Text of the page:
Denver's citywide scavenger hunt returns — The Know

NEA’s $52 million includes Colorado

The National Endowment for the Arts this month announced more than $52 million in federal funding as part of the first American Rescue Plan awards. Colorado and regional organizations getting funds included Western States Art Federation and Colorado Creative Industries, which will dole out the money statewide.

“These funds are designed to support the arts sector as it recovers from the devastating impact of the COVID-19 pandemic,” NEA officials wrote in a press statement. “Guidelines and application materials for a second phase of American Rescue Plan funding … are expected to be available in June 2021 pending review.”

About 40% of the funds will go toward state and regional groups, while 60% will be awarded to individual organizations, the NEA said. To receive updates on guidelines and grant opportunities, visit arts.gov/COVID-19/american-rescue-plan/sign-up-for-arp-updates.

NEH boosts Sand Creek Massacre project

Also this month: the National Endowment for the Humanities announced a whopping $400,000 for History Colorado’s Sand Creek Massacre exhibition, which is being developed in partnership with the Cheyenne and Arapaho Tribes of Oklahoma, Northern Arapaho Tribe of Wyoming, and Northern Cheyenne Tribe of Montana. Donate to the project at historycolorado.org/donate, and follow its progress at historycolorado.org/stay-in-touch. Visit nps.gov/sand for more information about the November 1864 Sand Creek Massacre, in which hundreds of volunteer U.S. soldiers slaughtered unarmed American Indians, including women and children.

Apron Chronicles coming back home

“The Apron Chronicles,” a nationally touring exhibition that started in Denver 16 years ago, is winding up its long run by returning to its home base. The show, subtitled “A Patchwork of American Recollections,” has garnered praise for its poignant, deeply researched look at women’s domestic stories and generational connections. “I have learned that an apron memory isn’t a scholarly dissertation. It isn’t mired in dusty facts and details,” creator EllynAnne Geisel wrote for Colorado Magazine. “It is a story of life and memory that engages and catches you up in the telling.”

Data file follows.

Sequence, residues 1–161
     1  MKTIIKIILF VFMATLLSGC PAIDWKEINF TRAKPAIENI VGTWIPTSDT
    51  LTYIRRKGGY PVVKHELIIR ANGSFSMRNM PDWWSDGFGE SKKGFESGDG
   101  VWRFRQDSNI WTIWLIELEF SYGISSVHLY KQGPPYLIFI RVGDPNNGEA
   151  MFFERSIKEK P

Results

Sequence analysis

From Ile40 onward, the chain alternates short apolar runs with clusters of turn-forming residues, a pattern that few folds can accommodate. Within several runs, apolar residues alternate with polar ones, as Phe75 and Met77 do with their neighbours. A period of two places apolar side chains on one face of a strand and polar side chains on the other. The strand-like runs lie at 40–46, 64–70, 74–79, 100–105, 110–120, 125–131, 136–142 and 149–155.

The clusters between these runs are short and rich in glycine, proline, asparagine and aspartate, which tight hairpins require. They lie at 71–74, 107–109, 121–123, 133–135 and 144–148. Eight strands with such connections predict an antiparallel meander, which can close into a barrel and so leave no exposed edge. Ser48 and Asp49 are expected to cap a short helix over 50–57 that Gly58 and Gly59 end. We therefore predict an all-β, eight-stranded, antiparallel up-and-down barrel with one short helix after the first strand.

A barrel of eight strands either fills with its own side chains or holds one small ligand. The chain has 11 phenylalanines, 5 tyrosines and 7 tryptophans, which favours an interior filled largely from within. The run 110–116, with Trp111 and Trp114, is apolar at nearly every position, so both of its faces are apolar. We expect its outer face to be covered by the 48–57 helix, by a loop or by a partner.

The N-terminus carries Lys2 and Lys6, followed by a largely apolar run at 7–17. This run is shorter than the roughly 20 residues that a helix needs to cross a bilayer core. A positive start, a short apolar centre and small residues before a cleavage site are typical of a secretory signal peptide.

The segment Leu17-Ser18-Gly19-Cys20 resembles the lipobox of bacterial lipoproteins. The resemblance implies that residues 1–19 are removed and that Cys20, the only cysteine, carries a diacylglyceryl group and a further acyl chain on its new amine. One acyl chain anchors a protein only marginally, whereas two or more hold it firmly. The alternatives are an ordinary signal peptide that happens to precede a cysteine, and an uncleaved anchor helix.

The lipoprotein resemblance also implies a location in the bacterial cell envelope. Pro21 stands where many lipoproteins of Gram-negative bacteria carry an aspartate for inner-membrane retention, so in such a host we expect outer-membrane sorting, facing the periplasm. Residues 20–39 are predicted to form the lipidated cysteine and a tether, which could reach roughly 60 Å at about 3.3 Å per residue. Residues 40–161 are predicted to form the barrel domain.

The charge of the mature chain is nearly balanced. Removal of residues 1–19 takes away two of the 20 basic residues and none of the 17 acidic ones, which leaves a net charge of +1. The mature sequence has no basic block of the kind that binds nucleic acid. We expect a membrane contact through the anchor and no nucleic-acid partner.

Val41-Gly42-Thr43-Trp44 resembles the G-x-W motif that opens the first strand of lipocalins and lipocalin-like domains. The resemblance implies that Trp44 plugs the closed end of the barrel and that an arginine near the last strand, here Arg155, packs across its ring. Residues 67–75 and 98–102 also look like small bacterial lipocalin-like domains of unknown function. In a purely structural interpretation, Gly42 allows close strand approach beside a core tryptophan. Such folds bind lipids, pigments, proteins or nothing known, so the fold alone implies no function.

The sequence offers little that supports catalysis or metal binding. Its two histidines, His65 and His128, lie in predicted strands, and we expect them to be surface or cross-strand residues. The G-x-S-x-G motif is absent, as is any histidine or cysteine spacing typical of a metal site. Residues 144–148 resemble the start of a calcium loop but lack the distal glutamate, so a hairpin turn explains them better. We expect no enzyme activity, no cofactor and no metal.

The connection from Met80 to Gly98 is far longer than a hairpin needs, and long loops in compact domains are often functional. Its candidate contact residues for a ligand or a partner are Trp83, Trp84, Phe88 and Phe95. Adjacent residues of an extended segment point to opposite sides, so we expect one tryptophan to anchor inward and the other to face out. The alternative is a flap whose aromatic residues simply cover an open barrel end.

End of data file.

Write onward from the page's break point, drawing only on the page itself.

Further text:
The artifact- and story-driven exhibition, which opened in January, will finish up its run on May 31. The museum is offering free admission for mothers May 8-9, and Geisel will be there to chat each day from 11 a.m. to 1 p.m. Find more information at historycolorado.org.

Citywide scavenger hunt

Sure, they began during the COVID-19 pandemic, but some have decided they quite enjoyed the socially distant, outdoor scavenger hunts that populated parts of downtown Denver in 2020. Historic Denver this week announced Capitol Crossroads Hunt, with clues that lead players through Denver’s historic places. The family-friendly activity can be done on foot or by bike, organizers said, and teams have four days to complete the challenge.

The first 50 people to finish receive medals, while prizes will be awarded to teams with the fastest times, “best spirit photo, and outstanding history buffs,” organizers said. Registration is $18 per adult and $12 per child, and teams of four to six are recommended. Visit historicdenver.org for more information.

Subscribe to our weekly newsletter, In The Know, to get entertainment news sent straight to your inbox.


Source: Read Full Article